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TV and radio listings will be updated every Friday
Ian McMillan explores the story behind Arlo Guthrie’s Alice’s Restaurant Massacree (1967), a talking blues set on Thanksgiving Day that took a swipe at the USA’s involvement in Vietnam. Also marking Thanksgiving, The Essay: TV Dinners To Roadside Diners (Radio 3, weeknights from Monday 18 November, 10.45pm), finds five US writers discussing the cultural history of favourite comfort foods.
With the Leveson Report soon to be published, Steve Hewlett looks at past efforts to regulate the press in Britain. These range from flogging journalists back in the 17th century through to 1920s attempts to stop the reporting of salacious details in messy divorce cases.
Astonishingly, The Rolling Stones have now been treading the boards for five decades, years of tumultuous social change. Marking the anniversary, director Brett Morgan’s two-part documentary mixes archive footage with more recently recorded interviews with Mick, Keef, Charlie and Ronnie, plus former members Bill Wyman and Mick Taylor.
With an atmospheric soundtrack from British Sea Power, director Penny Woolcock’s superb film uses BFI archive footage to explore the place of the coastline in the lives of Britons. Also based on material from the vaults, Britain On Film (BBC Four, Tuesday 20 November, 8.30pm) recalls working life in the 1960s.
Fi Glover looks at the role of radio in political revolutions over the past 90 years. The events considered include the Prague uprising against the Nazis in 1945, when Scottish soldier William Greig made a call to arms across the airwaves.
Laurence Rees considers the hold that Hitler had over Germany at the height of his powers, through the 1930s and up to the invasion of France in 1940. It was era when hundreds of thousands of people gathered to pay homage to their leader in Nuremburg. Why and how did Hitler inspire such devotion?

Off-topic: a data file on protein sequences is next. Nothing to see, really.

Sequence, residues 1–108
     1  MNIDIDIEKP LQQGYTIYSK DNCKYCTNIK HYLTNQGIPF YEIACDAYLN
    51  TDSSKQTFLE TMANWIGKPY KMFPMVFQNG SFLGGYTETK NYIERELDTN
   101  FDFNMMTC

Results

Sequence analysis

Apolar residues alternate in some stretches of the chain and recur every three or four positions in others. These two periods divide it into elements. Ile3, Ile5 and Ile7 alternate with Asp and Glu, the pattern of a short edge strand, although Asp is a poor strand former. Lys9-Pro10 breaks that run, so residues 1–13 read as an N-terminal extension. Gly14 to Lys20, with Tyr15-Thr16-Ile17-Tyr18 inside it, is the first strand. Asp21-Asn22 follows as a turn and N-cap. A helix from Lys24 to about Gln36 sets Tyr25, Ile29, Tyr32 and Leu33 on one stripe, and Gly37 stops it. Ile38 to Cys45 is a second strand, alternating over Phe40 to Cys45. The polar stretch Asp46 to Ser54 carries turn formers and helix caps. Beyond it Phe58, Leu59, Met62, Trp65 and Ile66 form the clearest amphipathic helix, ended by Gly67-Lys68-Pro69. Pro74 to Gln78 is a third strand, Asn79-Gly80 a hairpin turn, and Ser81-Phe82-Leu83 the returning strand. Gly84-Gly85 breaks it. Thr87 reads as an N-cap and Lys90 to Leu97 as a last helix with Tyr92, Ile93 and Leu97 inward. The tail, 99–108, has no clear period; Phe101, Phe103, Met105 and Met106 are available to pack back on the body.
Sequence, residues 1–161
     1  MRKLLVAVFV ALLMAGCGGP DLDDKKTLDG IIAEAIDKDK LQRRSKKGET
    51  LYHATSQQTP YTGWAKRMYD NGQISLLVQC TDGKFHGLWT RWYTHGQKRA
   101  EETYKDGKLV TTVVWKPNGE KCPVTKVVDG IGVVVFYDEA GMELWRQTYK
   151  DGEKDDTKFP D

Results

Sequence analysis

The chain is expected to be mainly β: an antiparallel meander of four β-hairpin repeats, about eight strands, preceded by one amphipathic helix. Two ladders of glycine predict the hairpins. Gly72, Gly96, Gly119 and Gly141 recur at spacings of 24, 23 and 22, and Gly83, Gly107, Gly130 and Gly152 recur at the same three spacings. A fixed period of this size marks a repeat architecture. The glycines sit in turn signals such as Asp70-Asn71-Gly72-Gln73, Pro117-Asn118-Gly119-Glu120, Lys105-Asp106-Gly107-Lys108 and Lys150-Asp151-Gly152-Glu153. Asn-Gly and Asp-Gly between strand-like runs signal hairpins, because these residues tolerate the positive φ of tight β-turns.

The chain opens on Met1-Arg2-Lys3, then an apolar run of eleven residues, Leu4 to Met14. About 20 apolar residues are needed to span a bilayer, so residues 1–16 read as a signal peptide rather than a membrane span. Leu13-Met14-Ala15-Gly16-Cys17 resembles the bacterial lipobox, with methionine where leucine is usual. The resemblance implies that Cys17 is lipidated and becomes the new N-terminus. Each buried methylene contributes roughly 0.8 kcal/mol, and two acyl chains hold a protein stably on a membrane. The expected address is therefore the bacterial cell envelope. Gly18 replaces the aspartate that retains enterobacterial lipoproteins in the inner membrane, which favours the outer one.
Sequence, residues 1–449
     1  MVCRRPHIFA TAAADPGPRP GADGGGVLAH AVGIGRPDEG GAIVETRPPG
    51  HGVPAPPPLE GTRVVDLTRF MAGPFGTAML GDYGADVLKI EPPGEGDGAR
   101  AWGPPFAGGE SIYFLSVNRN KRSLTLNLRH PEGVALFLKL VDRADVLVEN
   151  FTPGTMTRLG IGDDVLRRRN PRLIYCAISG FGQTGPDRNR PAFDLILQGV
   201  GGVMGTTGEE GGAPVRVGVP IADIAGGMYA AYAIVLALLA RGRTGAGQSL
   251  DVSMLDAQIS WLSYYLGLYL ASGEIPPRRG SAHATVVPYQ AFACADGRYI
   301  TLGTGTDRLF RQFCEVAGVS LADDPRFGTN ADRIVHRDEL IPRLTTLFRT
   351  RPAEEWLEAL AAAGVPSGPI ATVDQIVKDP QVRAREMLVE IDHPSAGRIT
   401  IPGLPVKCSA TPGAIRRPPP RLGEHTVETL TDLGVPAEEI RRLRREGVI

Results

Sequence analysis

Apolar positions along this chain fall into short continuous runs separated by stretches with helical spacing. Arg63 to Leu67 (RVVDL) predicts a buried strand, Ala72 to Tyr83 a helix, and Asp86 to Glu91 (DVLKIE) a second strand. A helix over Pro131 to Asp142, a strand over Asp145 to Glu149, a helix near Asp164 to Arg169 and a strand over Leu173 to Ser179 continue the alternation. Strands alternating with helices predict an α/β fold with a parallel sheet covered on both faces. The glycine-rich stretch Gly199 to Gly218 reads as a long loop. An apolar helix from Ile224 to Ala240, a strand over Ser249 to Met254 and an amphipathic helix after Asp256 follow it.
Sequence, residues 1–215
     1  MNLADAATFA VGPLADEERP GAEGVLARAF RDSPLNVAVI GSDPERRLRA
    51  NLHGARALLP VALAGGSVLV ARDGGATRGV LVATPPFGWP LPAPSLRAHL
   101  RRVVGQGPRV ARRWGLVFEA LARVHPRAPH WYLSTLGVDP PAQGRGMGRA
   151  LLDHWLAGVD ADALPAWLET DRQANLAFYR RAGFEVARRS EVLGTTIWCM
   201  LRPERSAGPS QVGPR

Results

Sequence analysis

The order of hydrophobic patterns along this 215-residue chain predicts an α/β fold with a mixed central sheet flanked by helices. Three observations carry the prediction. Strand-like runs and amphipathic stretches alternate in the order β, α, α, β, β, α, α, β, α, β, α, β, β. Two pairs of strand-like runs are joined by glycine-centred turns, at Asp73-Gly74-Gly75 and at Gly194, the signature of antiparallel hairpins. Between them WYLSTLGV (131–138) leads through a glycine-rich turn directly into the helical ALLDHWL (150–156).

Food writer Stefan Gates looks back at what he contends was a forgotten golden age for British cuisine, the years that followed the Restoration. Plus also look out for Breakfast, Lunch and Dinner (BBC Four, Wednesday 21 November, 9.00pm), in which Clarissa Dickson Wright charts the history of the traditional British dinner.
Melvyn Bragg and guests discuss the Borgias and the power they exerted during the Italian Renaissance. In the 15th century, the family gave the world two popes, including Alexander VI, now remembered as one of the most corrupt pontiffs in history.
Still clutching his 1913 Bradshaw’s Guide, Michael Portillo heads for Germany. He begins in Berlin, a centre for science and technology in the run-up to the First World War, before heading to the picturesque Harz mountains, the industrial Ruhr valley and the castle-dotted Rhine.
We’re in mini-series territory with the tale of how Rome succumbed to civil war. This six-part drama begins with Julius Caesar’s nephew, Octavian, trying to bring the city together. But oh no, power-hungry Marc Anthony has other ideas. Starring Santiago Cabrera, Vincent Regan, James Frain and Emily Blunt.